Well, you would like IANDS to take a stance. I’m saying that IANDS will not do that. It’s up to the individuals. And if we can objectively present all of the data and we’re not going to present whether this religion is valid, and that one is not valid; whether this one is a cult and these are just fine, and this is a true one, we can’t do that. But what we are going to do is objectively present the data from the near-death experiences of people–and they happen to be from Mormons or fundamentalist Christian, or atheist, or Eckankar…whatever…we will present those and let people make up their own minds. And if they are interested in a particular spiritual path then it’s up to them to have their eyes open as they enter that path.
 
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#54
Christianity, Islam, even Buddhism - all this "traditional" religions - are guilty of the countless atrocities. Does this mean that they are "cults"? Why is this label used only in connection to small and novel groups?

So, I will side along Robert Mays when he is saying:
I don't think anyone is asking Robert to discriminate against anyone's belief system. But allowing any religion to have an undue influence on IANDS hurts it's credibility. Having a high ranking member of the Eck clergy represent both IANDS and Eck is a problem. That individual was proselytizing on behalf of the cult at the last conference. She was recruiting for her cult at IANDS. That's a problem.
 
#56
Radio Mysterioso recently did a show on the California Cult scene. It's worth checking out.

Here's the link to the show:
http://radiomisterioso.com/audio/Mike_Marinacci_2_15_15.mp3

Esalen has also had to deal with the problem of cults trying to take over the organization. This is from a talk with
Michael Murphy and Jeffrey Kripal moderated by Mark Gonnerman at Stafford in 2007.

http://auroraforum.stanford.edu/event/esalen

http://auroraforum.stanford.edu/fil...nscript_Esalen_Murphy_and_Kripal_12.07.07.pdf

the group that I was part of was
centered around the teachings of Sri Aurobindo, so I ended up eventually going to his
ashram. But I’ve said this a lot and it’s in Jeff’s book: it provided a tremendous support
for me—for meditation practice, for reading and all this, but at the same time, it was a
real vaccination against cult, because contending with the wild dogmatic claims that were
starting to rise up in that ashram—fifteen hundred people there.... So I came back
inspired by Aurobindo but determined not to fall into a cult. When we started Esalen, it
was very much Dick Price and I taking vows: No one’s going to “capture the flag” here
and let this happen, and a lot of people tried.
The Esalen founders decided from the start to stay away from cults (and not to become one). It took some effort to steer clear of those influences. IANDS needs to put in that same effort.

I think the Heaven Tourism movement is part of that tendency for the NDE community to be turned into a religion, or co-opted by religious movements to support their worldviews. I know NDErs who won't talk about their experiences in public any more because they feel pressured to give the accepted narrative of NDEs that audiences want to hear. That pressure is certainly part of speaking at an IANDS conference. The conference committee is very clear on what they want you to say.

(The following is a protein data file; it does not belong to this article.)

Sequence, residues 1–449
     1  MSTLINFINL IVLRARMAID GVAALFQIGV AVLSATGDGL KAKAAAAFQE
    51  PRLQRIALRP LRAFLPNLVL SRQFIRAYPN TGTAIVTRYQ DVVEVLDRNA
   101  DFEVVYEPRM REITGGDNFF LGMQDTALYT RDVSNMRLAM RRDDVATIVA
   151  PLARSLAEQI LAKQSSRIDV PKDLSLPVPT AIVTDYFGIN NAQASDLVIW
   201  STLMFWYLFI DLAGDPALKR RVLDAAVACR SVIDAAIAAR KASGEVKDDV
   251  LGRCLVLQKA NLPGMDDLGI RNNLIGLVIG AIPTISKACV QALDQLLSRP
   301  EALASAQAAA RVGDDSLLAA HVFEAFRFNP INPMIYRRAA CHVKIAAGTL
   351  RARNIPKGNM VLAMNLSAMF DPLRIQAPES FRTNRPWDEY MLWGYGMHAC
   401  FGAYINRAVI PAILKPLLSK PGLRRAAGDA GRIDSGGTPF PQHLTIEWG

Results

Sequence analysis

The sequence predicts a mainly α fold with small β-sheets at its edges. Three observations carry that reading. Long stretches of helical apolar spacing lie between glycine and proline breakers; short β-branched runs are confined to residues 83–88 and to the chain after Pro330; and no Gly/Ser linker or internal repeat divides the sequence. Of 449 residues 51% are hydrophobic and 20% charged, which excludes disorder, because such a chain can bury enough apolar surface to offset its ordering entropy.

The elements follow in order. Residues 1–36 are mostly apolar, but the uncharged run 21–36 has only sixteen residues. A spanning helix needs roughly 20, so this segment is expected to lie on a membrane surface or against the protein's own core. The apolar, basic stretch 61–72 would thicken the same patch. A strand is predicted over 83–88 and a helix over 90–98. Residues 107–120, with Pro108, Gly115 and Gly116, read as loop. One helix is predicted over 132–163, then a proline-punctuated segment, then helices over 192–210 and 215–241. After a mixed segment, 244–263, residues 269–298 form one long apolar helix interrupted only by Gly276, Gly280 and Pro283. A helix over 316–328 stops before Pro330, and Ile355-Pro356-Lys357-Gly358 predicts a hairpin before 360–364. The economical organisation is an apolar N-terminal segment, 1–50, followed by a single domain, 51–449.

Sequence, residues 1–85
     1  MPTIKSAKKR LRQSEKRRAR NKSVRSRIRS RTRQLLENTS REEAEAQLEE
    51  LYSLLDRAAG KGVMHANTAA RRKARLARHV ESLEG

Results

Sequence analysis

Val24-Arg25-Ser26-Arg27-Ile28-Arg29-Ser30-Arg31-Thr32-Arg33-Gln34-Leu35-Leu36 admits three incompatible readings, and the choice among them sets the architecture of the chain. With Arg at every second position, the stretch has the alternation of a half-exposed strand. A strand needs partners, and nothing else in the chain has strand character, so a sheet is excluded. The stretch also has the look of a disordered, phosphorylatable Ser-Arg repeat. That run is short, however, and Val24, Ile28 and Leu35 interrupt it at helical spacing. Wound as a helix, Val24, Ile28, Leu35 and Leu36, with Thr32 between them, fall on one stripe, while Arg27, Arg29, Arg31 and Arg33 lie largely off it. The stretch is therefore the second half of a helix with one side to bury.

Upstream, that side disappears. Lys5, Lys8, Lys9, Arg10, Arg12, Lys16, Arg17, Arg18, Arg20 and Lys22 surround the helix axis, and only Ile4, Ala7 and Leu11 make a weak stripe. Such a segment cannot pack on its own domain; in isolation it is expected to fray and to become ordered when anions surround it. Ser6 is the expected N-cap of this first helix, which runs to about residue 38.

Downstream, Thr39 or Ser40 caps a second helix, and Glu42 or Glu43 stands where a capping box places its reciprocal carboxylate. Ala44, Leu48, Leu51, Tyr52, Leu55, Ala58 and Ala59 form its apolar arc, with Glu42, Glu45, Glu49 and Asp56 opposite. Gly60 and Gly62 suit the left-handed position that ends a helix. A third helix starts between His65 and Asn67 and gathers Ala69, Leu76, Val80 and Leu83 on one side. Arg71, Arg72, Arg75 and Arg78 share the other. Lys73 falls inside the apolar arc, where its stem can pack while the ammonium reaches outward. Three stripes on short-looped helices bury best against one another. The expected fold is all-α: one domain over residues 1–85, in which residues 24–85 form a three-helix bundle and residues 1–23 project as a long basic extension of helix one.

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#57
Radio Mysterioso recently did a show on the California Cult scene. It's worth checking out.

Here's the link to the show:
http://radiomisterioso.com/audio/Mike_Marinacci_2_15_15.mp3

Esalen has also had to deal with the problem of cults trying to take over the organization. This is from a talk with
Michael Murphy and Jeffrey Kripal moderated by Mark Gonnerman at Stafford in 2007.

http://auroraforum.stanford.edu/event/esalen

http://auroraforum.stanford.edu/fil...nscript_Esalen_Murphy_and_Kripal_12.07.07.pdf



The Esalen founders decided from the start to stay away from cults (and not to become one). It took some effort to steer clear of those influences. IANDS needs to put in that same effort.

I think the Heaven Tourism movement is part of that tendency for the NDE community to be turned into a religion, or co-opted by religious movements to support their worldviews. I know NDErs who won't talk about their experiences in public any more because they feel pressured to give the accepted narrative of NDEs that audiences want to hear. That pressure is certainly part of speaking at an IANDS conference. The conference committee is very clear on what they want you to say.
That's interesting, K9. Is there a specific type of NDE report they favour ?
 
#58
I know NDErs who won't talk about their experiences in public any more because they feel pressured to give the accepted narrative of NDEs that audiences want to hear. That pressure is certainly part of speaking at an IANDS conference. The conference committee is very clear on what they want you to say.
That is mortifying. I have always suspected that there is some cherry picking going on, but not that they actively pressured people towards a certain narrative.
 
#60
Jeez! IANDS directly associates with another cult member, Betty Eadie. Come on, IANDS!

I've e-mailed IANDS for a copy of their tax filings for the last few years. Lets follow the money on this organization and find out the real story.

-----------

https://www.dialoguejournal.com/wp-content/uploads/sbi/articles/Dialogue_V29N03_107.pdf

http://www.iclnet.org/pub/resources/text/cri/cri-jrnl/web/crj0171a.html

http://www.leaderu.com/orgs/probe/docs/eadie.html

https://en.wikipedia.org/wiki/Betty_Eadie


http://www.mormoncult.org

http://www.jesus-is-savior.com/False Religions/Mormons/sex_cult.htm